I finally got 5 charms (a mix of presents and ones I bought on my travels) soldered on to my bracelet, so after not wearing it since before I left NZ, I can finally rock it again :) Will have to re-accustom myself to having a constant jingly accompaniment to my daily tasks. It's not cheap maintaining a charm bracelet, let me tell you! Cost 30 euros for this round of soldering, the bracelet itself cost about 50 euros, and then each charm usually runs about 10-15. I have 12 now, so that's over 200 euros it's worth now. But of course it's irreplaceable really.
Charm bracelet in situ:
For anyone who doesn't know, I try to buy a charm for each country I visit. I say try, because it can be surprisingly difficult. The idea is to get a charm that represents the country somehow, not just any tat I happened to buy there. I looked EVERYWHERE in the Czech Republic and came up empty, so no charm for there despite having spent about 3 months there, also couldn't find anything for Poland or Monaco. Can't remember why I don't have anything for Belgium, presumably couldn't find anything appropriate (what symbolises Belgium anyway - beer? frites?) I've also ended up with some that don't quite fit with the theme.
From left to right:
A gumboot, for New Zealand - a Christmas present from my brother.
A buzzy bee, also for NZ - leaving present from my last job in NZ. For non-New Zealanders, a buzzy bee is a wooden toy on wheels that's become something of a NZ icon. Prince William was famously photographed playing with one when he came to NZ as a toddler.
A kiwi - also NZ. This was one of the first charms I bought, before I left NZ in 2006. I don't mind having 3 for NZ since it's my home country after all.
The crowned heart is for Scotland. I visited Edinburgh in August 2006. It's the emblem of Mary, Queen of Scots. I wanted a thistle, that being more iconic for Scotland, but I couldn't find one. I'm happy with this though - no-one knows what it is, but it's pretty.
A J - this is for me (initial of my first name). Bought this before leaving NZ as well.
A harp - from my trip to Ireland in August 2006. This was the first charm I bought overseas. Again, I wanted a shamrock but the shop I went into had every single thing to do with Ireland - dancing shoes, pints of Guinness, you name it - but no shamrock. I'm pretty annoyed that it's on backwards. When I first got them soldered I thought they'd be smart enough to figure these things out, but these days I'm very specific.
A fleur de lys - for France, of course! I bought this the first time I lived here, in 2007. I'm really glad to have found a fleur de lys, I was determined not to get the Eiffel Tower. Yes, it is probably the most recognisable symbol of France, but it really rips my nightie when I say to people back home or whatever that I live(d) in France and they go "blah blah Paris blah". France is a huge country (well, by NZ standards) and I've lived in 4 different regions, none of which include Paris!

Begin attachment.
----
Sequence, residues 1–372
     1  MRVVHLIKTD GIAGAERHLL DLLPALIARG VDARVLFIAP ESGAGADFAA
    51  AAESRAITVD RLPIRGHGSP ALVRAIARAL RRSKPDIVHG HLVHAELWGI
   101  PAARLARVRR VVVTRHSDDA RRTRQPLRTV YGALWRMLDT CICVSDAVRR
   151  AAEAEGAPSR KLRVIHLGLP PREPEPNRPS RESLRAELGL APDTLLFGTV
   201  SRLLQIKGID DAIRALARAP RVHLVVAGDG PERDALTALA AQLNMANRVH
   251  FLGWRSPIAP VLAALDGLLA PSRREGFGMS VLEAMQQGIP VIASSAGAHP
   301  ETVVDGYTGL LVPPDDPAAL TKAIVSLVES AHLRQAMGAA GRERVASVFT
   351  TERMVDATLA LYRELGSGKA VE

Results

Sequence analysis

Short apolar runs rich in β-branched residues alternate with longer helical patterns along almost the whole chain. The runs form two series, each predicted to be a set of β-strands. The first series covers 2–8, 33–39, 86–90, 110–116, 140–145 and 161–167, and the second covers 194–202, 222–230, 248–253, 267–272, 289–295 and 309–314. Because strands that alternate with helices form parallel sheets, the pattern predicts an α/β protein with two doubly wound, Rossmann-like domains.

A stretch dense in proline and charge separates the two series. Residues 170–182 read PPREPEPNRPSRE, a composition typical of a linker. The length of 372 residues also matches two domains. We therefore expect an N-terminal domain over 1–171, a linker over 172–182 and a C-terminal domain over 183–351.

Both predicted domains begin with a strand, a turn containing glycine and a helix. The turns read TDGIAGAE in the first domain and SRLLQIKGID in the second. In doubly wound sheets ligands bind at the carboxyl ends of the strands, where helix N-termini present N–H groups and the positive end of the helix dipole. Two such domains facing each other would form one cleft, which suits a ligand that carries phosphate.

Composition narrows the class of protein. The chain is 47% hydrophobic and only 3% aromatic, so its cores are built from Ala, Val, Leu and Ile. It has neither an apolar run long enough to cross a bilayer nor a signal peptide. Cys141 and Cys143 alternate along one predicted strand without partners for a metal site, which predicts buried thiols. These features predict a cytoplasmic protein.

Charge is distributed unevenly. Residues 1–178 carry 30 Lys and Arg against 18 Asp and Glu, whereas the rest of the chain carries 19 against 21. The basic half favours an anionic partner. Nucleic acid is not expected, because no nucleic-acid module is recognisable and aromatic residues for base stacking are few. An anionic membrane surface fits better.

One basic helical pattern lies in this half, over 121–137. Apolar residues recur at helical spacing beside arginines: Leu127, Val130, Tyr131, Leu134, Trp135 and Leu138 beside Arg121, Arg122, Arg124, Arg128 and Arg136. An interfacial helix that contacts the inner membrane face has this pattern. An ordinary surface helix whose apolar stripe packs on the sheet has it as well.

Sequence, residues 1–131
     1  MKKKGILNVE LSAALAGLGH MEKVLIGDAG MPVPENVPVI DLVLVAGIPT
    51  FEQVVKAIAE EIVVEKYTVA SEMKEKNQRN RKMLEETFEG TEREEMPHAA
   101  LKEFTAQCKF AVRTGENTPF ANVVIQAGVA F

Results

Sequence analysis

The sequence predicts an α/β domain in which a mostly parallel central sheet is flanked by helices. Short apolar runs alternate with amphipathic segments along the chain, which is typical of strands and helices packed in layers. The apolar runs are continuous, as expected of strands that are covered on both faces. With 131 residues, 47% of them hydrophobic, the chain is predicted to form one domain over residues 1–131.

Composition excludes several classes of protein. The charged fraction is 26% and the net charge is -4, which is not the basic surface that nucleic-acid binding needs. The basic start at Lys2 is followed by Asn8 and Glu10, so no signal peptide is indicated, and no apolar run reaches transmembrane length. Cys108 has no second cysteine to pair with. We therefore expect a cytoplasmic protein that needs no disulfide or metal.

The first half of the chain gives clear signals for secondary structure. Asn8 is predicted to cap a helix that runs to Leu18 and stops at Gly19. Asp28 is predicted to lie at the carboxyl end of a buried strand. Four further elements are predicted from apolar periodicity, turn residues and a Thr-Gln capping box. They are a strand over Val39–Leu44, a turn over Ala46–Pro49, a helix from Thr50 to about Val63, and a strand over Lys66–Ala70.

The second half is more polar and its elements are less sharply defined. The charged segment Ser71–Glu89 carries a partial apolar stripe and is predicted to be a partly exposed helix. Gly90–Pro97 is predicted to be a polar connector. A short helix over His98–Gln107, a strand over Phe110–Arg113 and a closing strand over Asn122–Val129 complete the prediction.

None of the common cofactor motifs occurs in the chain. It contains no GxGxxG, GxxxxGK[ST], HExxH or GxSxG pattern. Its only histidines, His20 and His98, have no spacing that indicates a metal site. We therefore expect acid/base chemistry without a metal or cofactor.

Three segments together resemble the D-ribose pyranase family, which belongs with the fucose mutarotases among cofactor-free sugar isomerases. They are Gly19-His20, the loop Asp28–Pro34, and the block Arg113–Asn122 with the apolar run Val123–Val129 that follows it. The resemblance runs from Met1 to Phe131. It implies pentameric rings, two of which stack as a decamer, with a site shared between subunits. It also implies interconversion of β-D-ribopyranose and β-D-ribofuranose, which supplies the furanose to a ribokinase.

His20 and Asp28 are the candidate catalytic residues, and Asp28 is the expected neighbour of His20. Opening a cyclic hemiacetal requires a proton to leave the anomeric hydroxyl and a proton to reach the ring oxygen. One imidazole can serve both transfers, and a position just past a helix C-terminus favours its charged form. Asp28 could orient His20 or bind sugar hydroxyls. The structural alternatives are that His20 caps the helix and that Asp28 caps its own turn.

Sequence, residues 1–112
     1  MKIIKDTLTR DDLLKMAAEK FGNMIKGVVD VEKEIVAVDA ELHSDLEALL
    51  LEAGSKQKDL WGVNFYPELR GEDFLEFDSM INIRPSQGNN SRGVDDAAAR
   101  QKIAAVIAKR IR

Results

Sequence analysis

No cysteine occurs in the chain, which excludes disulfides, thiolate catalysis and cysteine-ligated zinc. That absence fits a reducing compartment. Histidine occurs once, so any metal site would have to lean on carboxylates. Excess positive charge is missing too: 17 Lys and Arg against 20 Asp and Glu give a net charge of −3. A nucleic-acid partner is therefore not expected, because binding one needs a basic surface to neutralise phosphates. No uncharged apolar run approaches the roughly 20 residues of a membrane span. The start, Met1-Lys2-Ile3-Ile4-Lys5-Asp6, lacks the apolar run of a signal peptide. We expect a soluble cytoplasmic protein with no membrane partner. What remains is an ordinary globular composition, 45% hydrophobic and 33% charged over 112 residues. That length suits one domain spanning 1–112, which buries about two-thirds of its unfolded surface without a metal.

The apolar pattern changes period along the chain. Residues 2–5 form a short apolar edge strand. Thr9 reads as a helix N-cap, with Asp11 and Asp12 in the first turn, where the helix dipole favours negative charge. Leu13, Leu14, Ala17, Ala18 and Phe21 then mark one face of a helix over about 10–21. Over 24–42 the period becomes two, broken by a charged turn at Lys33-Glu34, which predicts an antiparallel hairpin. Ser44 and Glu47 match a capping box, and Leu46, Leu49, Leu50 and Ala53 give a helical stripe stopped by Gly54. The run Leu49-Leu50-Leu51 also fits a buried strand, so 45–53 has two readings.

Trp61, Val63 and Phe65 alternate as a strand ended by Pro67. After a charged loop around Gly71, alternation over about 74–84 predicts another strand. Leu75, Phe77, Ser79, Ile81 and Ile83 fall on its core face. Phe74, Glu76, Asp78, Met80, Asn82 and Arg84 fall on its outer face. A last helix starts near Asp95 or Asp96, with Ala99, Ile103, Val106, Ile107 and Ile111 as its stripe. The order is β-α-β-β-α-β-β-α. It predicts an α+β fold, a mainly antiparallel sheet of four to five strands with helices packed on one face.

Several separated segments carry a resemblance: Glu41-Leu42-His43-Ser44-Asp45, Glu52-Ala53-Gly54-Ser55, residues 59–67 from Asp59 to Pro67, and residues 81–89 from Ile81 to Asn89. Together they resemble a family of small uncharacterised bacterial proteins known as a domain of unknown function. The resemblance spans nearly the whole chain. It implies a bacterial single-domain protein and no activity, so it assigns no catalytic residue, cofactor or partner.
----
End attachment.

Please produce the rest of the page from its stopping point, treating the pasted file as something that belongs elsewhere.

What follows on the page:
A book - this is the only one that opens, and there's a worm inside. Another present from my workmates. This doesn't fit with the theme, but represents my literature degree and being a librarian.
An icon - this is for Russia, where I lived from November to January 2006-2007. This is the only one that I don't think is real silver, considering I bought it at a market in Moscow. Have just noticed that it's bent, I suspect that might have suffered from the soldering going on next to it, not being silver and all. Doesn't really matter. It's on backwards, which is irritating because the sides are so different - the back has writing in Old Church Slavonic, the front is what appears to be the Virgin Mary holding some arrows, but I'm not 100% on that.
A lion - for England, my ancestral home and the other of my two nationalities. Bought this in 2007, but I've been to England a bunch of times. It's technically on backwards too, because the hallmark shows, but I suppose it's not a big deal...
The leaning tower of Pisa - Italy, obviously. I didn't go to Pisa, but I thought this was the most recognisable symbol for a charm bracelet, despite the fact that it doesn't really lean as such. I was in Italy for a couple of weeks in September last year.
One of Raphael's putti - for the Vatican City. Much as I like Raphael, I don't actually like the putti (as seen here), they're a bit sickly kitch really. That said, an appropriate symbol for the Vatican City (there wasn't much choice anyway), and not *that* cheesy in a tiny metallic format.
In other 'news', I finally remembered to take my camera on what is a practically daily excursion to the park, in order to take pictures of the cool terrace houses that line the street the park's on. Tours was apparently bombed quite a bit (by the Allies I think) in WWII, and so you have the old town, with medieval buildings, and some 19th century bits, like where I live, and then there's plenty of ugly post-war stuff as well, particularly as you go down towards the Loire. But (as I think I may have said already), around here was the chi-chi area in the 19th century, and while my house isn't quite as pretty as these, it's a pretty nice quartier.
Street of 19th C terrace houses
A cool wooden door
This church is a bit incongruous on this street. Not in love with it, but it's at least interesting, especially the bell tower.
Two houses I like.
The much-talked about Cheesewatch returns. Basically I made a Cheesewatch of this because it's called 'crottins de chèvre' which translates as 'goat droppings'. Mmm, tempting. Of course, that's got nothing on 'pets de nonne' - nun farts, which are a type of pastry I haven't tried. Will update if and when I do... Anyway, I don't often meet a goat's cheese I don't like, and the crottins were pretty good - salty and strong-flavoured, but with a much drier and firmer texture than something like feta.